Passion Sunday, March 29, 2009

John 8:46-59

Today is Passion Sunday and it begins the final two weeks of the Lenten season.

This period of time which is named "Passiontide" continues up to and includes Holy Saturday. Passiontide is intended to be a time when we focus all of our thoughts on Jesus dying for us on the cross.

During the next two weeks we should let nothing divert our attention from our Lord’s Passion and death. Through the assigned Collects, Epistles, and Gospels of the Lenten Season we were reminded in one way or another, that Jesus is a Prophet, a King, AND A PRIEST.

We also learned that each of these same offices was held by different men in the Old Testament. For example, Ezekiel was a priest and prophet.

King David offered up sacrifices and prophesied. And Moses performed all three duties to varying degrees. And there were many other prophets, kings, and high priests throughout Old Testament History.

These offices carried with them a lot of weight and importance to the culture, heritage and religion of the Hebrews.
* The prophets, for example, represented the voice of God – to the people.
* The kings - were the rulers of God’s people.
* And the priests - represented the voice of the people - to God.

The big difference is that the men of the Old Testament were imperfect in their roles as prophets, kings, and priests while Jesus embodies all three roles perfectly.

This morning I’d like us to look at just one of those roles. Christ’s role as the ultimate priest.

Today’s epistle, states that Jesus is our high priest – “a high priest of good things to come”. He took the blood of the holy sacrifice, Himself, and offered it unto His Father as an eternal atonement for our transgressions so that we might receive everlasting life. The function of making holy sacrifices is ancient.

It is first mentioned in Genesis 14:18, where Melchizedek, the priest of the Most High God met Abram with bread and wine - blessed him in the name of the Lord - and worshiped God with him. It is here that we have - our first glimpse at the function of the office of the priest: he offered the blessing of the Lord and led the people in the worship of God. And it is no coincidence that the first priest offered up bread and wine for fellowship with Abram in honor of the Living God.

We continue that offering today in our worship at the Holy Altar, where we partake of the Sacrament wherein we eat and drink the Bread and Wine and participate in the sacrifice offered by Christ.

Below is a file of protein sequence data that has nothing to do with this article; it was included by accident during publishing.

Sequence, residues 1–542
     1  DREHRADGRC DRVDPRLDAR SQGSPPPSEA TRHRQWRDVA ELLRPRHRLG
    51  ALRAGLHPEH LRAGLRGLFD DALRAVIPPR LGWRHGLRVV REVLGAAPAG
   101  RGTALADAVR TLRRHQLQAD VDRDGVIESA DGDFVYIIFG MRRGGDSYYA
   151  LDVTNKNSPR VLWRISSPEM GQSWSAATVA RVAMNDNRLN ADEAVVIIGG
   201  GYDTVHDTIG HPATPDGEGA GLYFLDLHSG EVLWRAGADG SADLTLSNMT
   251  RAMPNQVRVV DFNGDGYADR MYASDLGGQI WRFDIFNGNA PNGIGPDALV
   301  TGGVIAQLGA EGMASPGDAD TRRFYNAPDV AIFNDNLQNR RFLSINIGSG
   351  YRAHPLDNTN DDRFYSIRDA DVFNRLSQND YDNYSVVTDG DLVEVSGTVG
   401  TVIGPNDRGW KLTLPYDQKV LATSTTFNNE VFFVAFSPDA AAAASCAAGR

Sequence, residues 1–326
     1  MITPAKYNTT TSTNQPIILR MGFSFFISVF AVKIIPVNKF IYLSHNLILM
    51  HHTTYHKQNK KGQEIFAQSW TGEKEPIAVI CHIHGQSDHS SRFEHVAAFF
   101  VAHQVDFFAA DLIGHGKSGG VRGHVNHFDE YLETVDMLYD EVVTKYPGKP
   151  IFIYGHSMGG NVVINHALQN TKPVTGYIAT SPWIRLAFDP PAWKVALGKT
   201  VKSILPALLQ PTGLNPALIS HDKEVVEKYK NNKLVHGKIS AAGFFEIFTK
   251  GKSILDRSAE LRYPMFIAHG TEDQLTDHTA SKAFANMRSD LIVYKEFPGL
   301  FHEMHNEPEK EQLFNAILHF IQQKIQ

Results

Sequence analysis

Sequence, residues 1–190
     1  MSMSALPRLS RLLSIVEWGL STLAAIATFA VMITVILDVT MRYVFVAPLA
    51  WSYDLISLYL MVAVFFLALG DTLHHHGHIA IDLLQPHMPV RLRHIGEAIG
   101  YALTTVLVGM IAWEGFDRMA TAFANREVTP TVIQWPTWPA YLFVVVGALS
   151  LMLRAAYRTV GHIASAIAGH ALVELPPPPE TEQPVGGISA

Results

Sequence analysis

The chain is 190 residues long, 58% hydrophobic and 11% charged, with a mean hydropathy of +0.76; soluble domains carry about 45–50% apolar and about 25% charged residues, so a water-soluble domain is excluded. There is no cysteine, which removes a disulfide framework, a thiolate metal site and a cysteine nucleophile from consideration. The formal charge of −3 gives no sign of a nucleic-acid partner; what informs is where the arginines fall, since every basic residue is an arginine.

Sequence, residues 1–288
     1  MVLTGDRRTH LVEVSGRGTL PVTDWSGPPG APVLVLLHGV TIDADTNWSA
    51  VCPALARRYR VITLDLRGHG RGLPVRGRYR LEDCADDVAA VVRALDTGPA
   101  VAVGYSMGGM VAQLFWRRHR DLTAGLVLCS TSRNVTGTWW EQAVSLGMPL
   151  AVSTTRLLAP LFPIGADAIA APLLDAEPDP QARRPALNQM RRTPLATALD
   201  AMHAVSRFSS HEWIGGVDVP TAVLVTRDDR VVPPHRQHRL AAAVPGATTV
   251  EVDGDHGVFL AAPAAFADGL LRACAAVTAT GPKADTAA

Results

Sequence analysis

In fact, we find that this offering, and especially Christ’s priesthood, is prophesied in Psalm 110 verse 4, where we are told that “the Lord’s Anointed”, will be a “priest forever after the order of Melchizedek.”

Another example of the priesthood comes from Aaron, Moses’ brother. As high priest, Aaron was given the important task of coming before the Lord in the Holy of Holies. He was charged to enter into the Holy of Holies and represent the people before God. He would sprinkle the blood of the sacrifice of atonement upon the Ark, where the presence of God dwelt. The high priest would go through different ceremonies and offer several personal sacrifices in order to be made clean to enter into the Presence of the Lord. He was even required to wear special garments which were designed according to God’s instructions for beauty and glory.

And just as the high priest offered up the blood of a lamb, so through Jesus’ death, He offers up to God the ultimate sacrifice for our purification. His blood, the blood of the perfect Lamb, was shed before God. His special garments are those of righteousness and peace. He needs no outer garments to be made perfect and show righteousness before God. He beseeches the Father continually on our behalf. He seeks for us to come to Him, so that we might partake of that perfect atonement.

So you see, today’s Epistle leaves no doubt about the significance of our Lord’s death at Calvary.

All of the sacrifices for sin in the Old Testament had a single purpose: to point to Jesus on the cross - to point to Jesus Christ, who took the ONE sacrifice of Himself - ONCE offered, into the holiest place of all - the presence of his Father in heaven. In other words, Jesus was not simply a sacrificial victim when he died on the Cross. Because He was raised from the dead, He is the one and only High Priest who was able to offer the sacrifice of his own Body and Blood for our redemption. Jesus Christ’s one sacrifice of himself, offered for the remission of the sins of the whole world, means that there is no more need for sin offerings.

The sacrificial ordinances of the Old Testament regarding animal sacrifices for sin were done away with because their purpose had been accomplished.

The one, true, all-sufficient sacrifice has been offered forever.